1. Koster, R. (2004). A theory of fun for game design: What games aren't. Gamasutra, December 3.
2. Gee, J. P. (2004). Learning by design: Games as learning machines. Gamasutra, March, 24
3. Garneau, P-A. (2001). Fourteen Forms of Fun. Gamasutra, October 12.
4. Prensky, M. (2001). Fun, Play and Games: What Makes Games Engaging. Chapter 5 in Digital Game Based Learning. NY: McGraw Hill. (From the author's website)
5. Falstein, N. (2004). Natural funativity. Gamasutra, November 10.
Koster, R. (2004).
Kowster 's article is not colorful as the other pieces. He focused on a limited model of game: superficial graphical pattern vs. abstract logic underneath. In his discussion, fun is an important element of games. But he did not really develop fun and game in a harmonious pattern to help readers understand his points. To Koster, fun is an abstract that is hard to be defined, and fun is a phenomenon. He kind of discussed that fun is contextual. It will happen when several elements get in the right place: right time, attitude, engagement, etc. He also discussed that fun is a result of evolutionary process. However, his ideas about fun were spreaded widely but only circling around the periphery of the issue. What is fun is not clear in the first place in the article. I think this is actually the bottom line of this article without which it is hard to understand the author's stand.
Gee, J. P. (2004).
It is a fact that many individuals keep purchasing new video games. this article was trying to understand the question how do good game designers manage to get new players to learn long, complex, and difficult games? On one hand, some good games seem to be designed only for adept gamers. This is an explanation only helps us see a certain part of all gamers, old and new. On the other hand, the answer could be good games' designers applied profoundly good methods of getting people to learn and to enjoy learning. The author argued that under the right conditions, learning is biologically motivating and pleasurable for humans. Then, the author applied a list of good principles of learning that have been built into good games (computer and video) to explain, with examples of real video games, the practice of learning in games. In the end, the author discussed his observation that very few educational games apply the principles of learning. On the contrary, non-educational games for the young are using many good principles. This debate is worth to be extended to the administrators and researchers.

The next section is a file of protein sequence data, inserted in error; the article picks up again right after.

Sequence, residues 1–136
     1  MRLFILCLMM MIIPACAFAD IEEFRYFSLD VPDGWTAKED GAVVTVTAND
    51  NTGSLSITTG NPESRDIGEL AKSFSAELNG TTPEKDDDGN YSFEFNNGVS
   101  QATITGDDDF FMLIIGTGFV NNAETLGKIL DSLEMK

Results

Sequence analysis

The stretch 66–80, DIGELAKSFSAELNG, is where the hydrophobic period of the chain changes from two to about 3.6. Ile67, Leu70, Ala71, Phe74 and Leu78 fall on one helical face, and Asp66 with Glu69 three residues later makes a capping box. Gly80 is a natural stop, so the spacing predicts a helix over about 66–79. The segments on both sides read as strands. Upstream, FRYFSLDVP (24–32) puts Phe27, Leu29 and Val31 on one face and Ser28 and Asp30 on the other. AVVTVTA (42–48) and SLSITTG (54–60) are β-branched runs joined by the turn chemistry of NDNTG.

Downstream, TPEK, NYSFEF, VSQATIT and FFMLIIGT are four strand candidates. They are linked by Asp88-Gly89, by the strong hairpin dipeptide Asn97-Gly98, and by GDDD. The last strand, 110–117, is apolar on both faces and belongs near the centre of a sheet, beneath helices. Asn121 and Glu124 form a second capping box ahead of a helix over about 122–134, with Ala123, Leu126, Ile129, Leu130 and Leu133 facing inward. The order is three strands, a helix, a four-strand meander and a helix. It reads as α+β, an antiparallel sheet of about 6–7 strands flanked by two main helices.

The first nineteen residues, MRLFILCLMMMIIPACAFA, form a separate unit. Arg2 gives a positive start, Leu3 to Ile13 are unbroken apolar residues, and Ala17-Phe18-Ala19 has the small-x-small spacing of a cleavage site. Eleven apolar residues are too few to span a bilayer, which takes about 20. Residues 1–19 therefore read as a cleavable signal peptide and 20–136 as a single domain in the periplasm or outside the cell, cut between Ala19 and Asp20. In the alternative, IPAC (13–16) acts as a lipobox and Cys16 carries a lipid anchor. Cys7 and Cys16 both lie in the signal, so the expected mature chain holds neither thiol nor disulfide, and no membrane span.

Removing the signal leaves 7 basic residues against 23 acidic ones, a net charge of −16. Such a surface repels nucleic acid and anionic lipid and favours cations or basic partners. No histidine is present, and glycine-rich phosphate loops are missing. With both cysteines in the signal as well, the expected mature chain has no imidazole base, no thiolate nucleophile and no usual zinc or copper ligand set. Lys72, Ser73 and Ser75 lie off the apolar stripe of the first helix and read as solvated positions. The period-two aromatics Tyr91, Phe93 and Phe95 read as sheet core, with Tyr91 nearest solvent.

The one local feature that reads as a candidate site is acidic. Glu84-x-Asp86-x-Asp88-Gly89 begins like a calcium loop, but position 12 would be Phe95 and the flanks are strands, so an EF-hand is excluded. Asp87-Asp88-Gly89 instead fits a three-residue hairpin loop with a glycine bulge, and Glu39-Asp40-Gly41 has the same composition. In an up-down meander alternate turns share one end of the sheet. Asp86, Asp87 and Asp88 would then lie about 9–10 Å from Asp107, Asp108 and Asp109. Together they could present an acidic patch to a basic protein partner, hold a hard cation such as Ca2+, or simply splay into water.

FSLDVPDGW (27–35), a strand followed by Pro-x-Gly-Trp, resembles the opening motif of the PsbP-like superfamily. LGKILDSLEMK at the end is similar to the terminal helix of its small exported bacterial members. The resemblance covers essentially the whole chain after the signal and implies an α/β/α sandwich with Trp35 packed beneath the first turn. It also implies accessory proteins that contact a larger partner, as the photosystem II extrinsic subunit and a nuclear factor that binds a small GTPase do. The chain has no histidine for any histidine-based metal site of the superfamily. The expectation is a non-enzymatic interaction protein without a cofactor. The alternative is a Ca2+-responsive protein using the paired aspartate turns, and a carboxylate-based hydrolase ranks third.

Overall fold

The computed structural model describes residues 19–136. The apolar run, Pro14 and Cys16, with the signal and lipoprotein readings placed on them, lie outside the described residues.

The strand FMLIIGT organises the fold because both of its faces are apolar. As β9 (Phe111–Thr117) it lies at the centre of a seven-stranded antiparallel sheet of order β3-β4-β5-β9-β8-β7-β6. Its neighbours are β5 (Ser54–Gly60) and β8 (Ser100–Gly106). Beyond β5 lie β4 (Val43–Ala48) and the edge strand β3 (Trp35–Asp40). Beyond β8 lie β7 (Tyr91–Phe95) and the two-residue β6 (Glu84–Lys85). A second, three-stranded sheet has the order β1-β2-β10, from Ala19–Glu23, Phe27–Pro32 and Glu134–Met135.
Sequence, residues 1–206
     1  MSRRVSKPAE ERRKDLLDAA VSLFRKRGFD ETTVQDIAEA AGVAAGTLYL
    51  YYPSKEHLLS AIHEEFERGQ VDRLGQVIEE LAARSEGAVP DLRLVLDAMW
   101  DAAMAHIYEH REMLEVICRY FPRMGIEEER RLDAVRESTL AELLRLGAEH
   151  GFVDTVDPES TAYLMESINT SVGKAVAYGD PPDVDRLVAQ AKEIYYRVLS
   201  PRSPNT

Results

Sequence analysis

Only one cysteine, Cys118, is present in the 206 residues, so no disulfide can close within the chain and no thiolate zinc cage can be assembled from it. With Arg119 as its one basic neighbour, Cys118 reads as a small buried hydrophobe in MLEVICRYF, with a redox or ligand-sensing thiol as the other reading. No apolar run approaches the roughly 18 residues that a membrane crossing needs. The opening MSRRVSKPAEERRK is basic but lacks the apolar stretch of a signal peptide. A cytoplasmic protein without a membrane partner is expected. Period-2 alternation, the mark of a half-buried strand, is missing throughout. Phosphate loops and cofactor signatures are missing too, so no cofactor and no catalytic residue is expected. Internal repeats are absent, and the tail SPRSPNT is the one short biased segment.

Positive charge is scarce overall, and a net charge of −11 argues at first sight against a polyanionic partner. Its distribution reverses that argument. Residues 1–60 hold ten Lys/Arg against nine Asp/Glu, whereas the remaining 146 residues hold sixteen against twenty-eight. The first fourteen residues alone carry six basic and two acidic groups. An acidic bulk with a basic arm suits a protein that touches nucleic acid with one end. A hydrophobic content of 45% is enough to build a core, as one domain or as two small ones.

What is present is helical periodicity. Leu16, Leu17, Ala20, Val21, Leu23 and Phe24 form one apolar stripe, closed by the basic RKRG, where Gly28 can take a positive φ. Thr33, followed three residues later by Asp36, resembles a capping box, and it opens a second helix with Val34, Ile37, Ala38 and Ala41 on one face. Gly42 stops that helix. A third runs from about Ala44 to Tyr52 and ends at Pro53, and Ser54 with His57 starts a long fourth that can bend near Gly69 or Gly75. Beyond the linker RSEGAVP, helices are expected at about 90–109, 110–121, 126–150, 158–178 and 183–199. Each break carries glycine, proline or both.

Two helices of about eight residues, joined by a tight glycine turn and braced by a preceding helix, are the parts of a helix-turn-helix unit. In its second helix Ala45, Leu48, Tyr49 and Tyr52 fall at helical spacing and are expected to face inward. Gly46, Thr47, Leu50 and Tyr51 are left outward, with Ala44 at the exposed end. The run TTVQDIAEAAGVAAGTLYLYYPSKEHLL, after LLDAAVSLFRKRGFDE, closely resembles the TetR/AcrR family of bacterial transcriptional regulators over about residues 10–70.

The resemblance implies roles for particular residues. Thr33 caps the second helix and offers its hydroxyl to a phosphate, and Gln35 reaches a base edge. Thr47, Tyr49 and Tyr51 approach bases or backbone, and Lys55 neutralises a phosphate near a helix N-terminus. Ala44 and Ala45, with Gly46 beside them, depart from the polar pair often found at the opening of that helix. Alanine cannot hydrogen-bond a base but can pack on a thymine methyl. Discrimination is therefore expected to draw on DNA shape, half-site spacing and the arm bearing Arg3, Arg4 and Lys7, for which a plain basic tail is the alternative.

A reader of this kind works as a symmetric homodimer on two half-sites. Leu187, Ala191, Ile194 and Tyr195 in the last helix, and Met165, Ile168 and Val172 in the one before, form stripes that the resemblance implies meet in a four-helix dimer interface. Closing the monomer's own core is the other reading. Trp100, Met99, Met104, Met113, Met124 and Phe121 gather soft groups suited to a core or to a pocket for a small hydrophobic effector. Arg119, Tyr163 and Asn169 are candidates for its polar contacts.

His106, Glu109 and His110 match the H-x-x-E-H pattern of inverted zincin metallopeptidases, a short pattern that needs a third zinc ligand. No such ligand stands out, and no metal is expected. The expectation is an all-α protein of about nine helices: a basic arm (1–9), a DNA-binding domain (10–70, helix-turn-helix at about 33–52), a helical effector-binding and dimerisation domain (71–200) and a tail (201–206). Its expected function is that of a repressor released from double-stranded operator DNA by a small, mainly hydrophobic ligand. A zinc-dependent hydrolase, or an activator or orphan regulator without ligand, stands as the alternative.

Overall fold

Garneau, P-A. (2001).
The goal of this article is to make a complete list of entertaining activities, forms of fun, at present in order to provide a tool kit for game designers. Garneau suggested that effective game design is the result of mixed forms. But combination of too many of these forms may do the opposite. It is a matter of balance. I tried to classify these fourteen forms of fun using the categories proposed by Falstein. Physical fun: Physical Activity, Competition, Application of an Ability, Immersion; Social fun: Love, Social Interaction, Comedy(?), Power; Mental fun/psychological fun: Immersion, Intellectual Problem Solving, Thrill of Danger, Creation, Advancement and Completion, Beauty, Discovery, Competition. There are a couple of forms classified repeatedly into different categories.
- Beauty: That which pleases the senses
- Immersion: Going into an environment different from one's usual environment by physical means or by use of one's imagination